Active structural acoustic control of aircraft interior flow noise via the use of active trim panels

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Virginia Tech


Modem jet aircraft interior noise can be categorized into two main types: tonal noise caused by engine imbalance or blade passage, and mid frequency broadband noise resulting from turbulent flow. This project addresses aircraft interior flow noise caused by a flow separation over the crown of the aircraft. The noise control approach is to mount piezoelectric actuators to the aircraft interior cockpit crown trim panel and use them to actively control aircraft interior noise with feed-forward adaptive LMS control algorithms. The experiments were performed on a Cessna Citation III fuselage with the production crown interior trim panel in place. Flow noise was simulated by three speakers mounted above the crown of the aircraft producing random noise with a frequency range of 500-1000 Hz. Several piezoelectric (PZT) actuators were mounted on the interior crown trim panel as control outputs. Sixteen microphones served as error/global attenuation sensors. Microphones and PZTs were selected from off-line optimizations. The control reference signal was obtained from either an accelerometer mounted on the skin of the aircraft or from the signal generator itself. Control was executed on a personal computer digital signal processing. Single frequency control experiments were performed to judge the feasibility of control. The main broadband tests were performed with a variety of controller configurations. The results using the active panel are compared with more traditional acoustic control utilizing speakers as control actuators instead of PZT's. The project concludes that a 2 dB reduction over the frequency range is obtainable at the pilot's ears in a 2I20 configuration with an accelerometer reference signal. Acausality and slow controller speeds were found to be the main causes which limit further reduction.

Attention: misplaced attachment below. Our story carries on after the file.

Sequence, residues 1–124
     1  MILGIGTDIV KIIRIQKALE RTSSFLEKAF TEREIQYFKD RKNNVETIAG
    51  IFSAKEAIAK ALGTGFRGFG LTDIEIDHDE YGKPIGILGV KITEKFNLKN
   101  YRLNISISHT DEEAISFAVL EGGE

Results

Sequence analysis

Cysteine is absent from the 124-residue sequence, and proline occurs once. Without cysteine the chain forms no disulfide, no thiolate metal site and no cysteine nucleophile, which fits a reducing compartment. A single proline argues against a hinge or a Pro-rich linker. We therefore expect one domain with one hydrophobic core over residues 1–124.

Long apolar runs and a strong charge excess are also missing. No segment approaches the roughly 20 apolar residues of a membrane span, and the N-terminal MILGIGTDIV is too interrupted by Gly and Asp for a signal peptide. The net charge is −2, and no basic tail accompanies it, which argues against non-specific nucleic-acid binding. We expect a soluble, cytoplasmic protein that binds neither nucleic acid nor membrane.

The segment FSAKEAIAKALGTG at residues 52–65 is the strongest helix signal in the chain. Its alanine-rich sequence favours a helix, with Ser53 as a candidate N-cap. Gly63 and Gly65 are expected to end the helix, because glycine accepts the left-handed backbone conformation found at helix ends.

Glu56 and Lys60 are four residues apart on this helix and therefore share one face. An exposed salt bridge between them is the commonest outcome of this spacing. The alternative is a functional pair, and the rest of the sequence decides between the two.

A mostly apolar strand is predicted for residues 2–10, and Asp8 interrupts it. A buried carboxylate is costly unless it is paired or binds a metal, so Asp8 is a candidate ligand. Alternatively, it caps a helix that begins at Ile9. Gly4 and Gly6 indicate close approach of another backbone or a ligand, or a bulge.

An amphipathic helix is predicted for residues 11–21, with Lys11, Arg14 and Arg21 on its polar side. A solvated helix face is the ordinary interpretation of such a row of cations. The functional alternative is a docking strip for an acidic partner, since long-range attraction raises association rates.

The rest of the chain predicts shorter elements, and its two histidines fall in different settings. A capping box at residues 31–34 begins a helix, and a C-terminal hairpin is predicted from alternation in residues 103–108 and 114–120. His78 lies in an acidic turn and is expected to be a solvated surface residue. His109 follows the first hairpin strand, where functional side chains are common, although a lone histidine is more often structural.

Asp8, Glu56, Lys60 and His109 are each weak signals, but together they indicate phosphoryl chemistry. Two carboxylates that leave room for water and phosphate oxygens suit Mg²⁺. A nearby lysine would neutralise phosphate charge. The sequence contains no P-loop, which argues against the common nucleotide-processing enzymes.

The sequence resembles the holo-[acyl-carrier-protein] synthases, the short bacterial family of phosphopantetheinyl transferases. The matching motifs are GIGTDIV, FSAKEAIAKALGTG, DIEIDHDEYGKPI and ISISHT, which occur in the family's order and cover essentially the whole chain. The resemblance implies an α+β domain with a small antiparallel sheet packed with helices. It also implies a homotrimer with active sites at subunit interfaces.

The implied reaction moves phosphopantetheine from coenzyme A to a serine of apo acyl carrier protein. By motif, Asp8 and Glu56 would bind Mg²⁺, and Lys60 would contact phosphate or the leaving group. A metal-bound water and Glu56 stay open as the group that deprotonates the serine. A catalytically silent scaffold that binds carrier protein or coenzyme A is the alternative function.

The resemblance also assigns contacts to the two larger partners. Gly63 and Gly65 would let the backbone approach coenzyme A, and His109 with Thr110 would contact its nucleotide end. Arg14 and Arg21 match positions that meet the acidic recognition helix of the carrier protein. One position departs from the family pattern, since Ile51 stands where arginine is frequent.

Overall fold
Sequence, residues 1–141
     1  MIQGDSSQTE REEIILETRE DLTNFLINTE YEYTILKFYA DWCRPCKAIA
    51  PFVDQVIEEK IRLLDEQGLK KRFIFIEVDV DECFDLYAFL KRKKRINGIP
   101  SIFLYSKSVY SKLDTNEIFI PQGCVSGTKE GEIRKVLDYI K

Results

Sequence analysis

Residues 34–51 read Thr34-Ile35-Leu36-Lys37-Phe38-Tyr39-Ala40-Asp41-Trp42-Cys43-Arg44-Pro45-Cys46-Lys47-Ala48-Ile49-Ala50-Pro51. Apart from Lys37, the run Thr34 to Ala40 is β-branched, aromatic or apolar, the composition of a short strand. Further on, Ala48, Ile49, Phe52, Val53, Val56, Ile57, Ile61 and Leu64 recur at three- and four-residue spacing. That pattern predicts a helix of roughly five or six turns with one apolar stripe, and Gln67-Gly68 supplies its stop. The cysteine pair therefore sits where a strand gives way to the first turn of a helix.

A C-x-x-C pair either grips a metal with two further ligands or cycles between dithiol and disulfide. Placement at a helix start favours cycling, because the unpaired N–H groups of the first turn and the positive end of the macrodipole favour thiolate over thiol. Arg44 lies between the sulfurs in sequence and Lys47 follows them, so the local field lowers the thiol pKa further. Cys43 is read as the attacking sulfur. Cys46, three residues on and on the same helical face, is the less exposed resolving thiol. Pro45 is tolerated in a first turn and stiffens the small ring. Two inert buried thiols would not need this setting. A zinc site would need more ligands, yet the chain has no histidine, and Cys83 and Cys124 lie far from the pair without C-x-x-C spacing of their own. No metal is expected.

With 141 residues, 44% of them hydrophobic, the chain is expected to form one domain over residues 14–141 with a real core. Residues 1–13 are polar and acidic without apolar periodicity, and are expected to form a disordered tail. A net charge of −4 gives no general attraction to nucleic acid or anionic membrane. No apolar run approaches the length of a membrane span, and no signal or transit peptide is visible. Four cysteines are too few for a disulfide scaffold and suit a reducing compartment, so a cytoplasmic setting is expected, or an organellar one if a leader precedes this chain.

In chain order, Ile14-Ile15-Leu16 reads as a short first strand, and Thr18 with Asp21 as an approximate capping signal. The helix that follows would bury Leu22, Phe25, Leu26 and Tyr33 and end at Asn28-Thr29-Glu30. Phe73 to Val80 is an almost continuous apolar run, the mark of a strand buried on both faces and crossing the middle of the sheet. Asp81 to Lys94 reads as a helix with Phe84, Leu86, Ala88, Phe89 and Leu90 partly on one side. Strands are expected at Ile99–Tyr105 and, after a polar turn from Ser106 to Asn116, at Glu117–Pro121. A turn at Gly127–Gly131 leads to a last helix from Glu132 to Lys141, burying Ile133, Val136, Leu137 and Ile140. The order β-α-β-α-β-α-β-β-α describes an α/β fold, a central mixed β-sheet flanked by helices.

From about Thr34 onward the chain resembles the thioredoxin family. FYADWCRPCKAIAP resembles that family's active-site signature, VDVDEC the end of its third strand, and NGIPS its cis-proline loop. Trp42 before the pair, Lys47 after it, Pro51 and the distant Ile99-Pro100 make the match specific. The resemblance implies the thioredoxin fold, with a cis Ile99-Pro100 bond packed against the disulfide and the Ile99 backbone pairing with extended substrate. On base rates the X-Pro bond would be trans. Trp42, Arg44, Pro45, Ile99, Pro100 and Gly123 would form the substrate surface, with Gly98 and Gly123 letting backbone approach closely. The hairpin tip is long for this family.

panel, ASAC, noise, Control